Wednesday, October 17, 2007
With the publicatin of The Scenice Route: Stories from the Heartland, the Indiana Historical Society Press celebrates the twentieth anniversary of Storytelling Arts of Indiana, which promotes the art and use of storytelling in everyday life through its annual festival, concerts, workshops, programs, and other events.
Storytelling is about gathering with freinds, family, and even those we have just met to share with one another stories of our childhood, our culture, and our heritage. In this age of over-scheduled lives, Internet and television addictions, and outside pressures, stories remind us of our roots and traditions.
Storytelling Arts of Indiana has spent twenty years creating places for individuals to come together and experience storytelling in the hope of encouraging that sharing and listening relationship in our everyday lives. The Scenice Rout offers the reader a dozen stories to enjoy and to help us remember.
The books costs $8.95 and is available from the Society's Basile History Market. To order, call (800) 447-1830 or order online at the History Market.
Famed Indiana author Booth Tarkington once took on the task of naming three of Indianapolis’s most outstanding citizens. Two of the three he named—former president Benjamin Harrison and legendary poet James Whitcomb Riley—were well-known people. The third, however, was someone whose memorable accomplishments have become lost to history—educator, woman’s rights pioneer, and peace activist May Wright Sewall.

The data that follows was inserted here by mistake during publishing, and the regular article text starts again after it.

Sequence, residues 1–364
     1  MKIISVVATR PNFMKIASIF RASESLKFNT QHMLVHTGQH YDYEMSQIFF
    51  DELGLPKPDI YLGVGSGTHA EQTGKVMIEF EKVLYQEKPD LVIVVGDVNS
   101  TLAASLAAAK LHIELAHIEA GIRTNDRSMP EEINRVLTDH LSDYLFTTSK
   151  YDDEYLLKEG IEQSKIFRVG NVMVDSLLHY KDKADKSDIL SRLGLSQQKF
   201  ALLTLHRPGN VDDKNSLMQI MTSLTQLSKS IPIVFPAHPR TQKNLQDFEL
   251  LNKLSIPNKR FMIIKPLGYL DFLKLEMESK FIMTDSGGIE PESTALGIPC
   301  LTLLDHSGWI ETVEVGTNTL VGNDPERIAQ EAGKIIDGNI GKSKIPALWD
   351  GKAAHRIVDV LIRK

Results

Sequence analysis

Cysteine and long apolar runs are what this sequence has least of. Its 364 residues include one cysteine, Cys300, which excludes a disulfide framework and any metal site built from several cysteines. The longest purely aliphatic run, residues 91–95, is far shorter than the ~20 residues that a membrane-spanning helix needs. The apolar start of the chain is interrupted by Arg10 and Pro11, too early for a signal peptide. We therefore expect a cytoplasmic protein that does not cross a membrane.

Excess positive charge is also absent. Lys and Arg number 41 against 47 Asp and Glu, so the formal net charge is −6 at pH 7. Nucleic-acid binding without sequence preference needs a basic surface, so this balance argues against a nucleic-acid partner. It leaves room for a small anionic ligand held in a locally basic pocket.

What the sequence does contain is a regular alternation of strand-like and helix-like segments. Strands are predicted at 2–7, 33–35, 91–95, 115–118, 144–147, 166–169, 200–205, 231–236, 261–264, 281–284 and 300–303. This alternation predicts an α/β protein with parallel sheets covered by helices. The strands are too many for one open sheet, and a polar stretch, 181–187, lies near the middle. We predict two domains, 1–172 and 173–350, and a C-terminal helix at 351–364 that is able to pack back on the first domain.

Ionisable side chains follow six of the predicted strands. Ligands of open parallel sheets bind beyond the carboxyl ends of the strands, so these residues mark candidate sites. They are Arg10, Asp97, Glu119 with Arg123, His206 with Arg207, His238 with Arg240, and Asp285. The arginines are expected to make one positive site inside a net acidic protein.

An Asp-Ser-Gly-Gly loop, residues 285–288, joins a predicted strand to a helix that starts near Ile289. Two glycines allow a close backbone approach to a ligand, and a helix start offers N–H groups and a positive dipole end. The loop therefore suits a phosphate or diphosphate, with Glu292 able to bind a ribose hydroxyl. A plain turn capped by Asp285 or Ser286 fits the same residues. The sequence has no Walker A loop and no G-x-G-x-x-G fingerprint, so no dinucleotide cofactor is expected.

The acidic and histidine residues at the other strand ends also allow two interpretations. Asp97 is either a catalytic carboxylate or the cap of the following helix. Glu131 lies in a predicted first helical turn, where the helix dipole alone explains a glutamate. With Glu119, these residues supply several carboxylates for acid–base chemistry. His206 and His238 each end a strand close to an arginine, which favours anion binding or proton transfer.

Written by award-winning author and historian Ray E. Boomhower, Fighting for Equality: A Life of May Wright Sewall, a biography aimed at young readers, showcases Sewall’s important contributions to the history of Indianapolis, Indiana, the United States, and the world. A woman who had the “organizing touch,” Sewall helped to establish such Indianapolis institutions as the Girls’ Classical School, the Indianapolis Woman’s Club, the Contemporary Club, the Art Association of Indianapolis (today known as the Indianapolis Museum of Art), and the Indianapolis Propylaeum.
Sewall also worked tirelessly on behalf of rights for women in the United States—and around the globe—during the late nineteenth and early twentieth centuries. She served as a valuable ally to such national suffrage leaders as Susan B. Anthony and Elizabeth Cady Stanton and gave the woman’s movement an worldwide focus through her pioneering involvement with the American National Council of Women and the International Council of Women.
After working on behalf of peace as a delegate on millionaire automaker Henry Ford’s failed Peace Trip in 1915, Sewall shocked her friends by releasing a book telling of her communications beyond the grave with her deceased husband, Theodore Sewall. She related her remarkable experiences with spiritualism in her book Neither Dead nor Sleeping, published by Bobbs-Merrill of Indianapolis in 1920 just a few months before Sewall’s own death.
Fighting for Equality: A Life of May Wright Sewall costs $17.95 and is available from the Society's Basile History Market. To order, call (800) 447-1830 or order online at the History Market.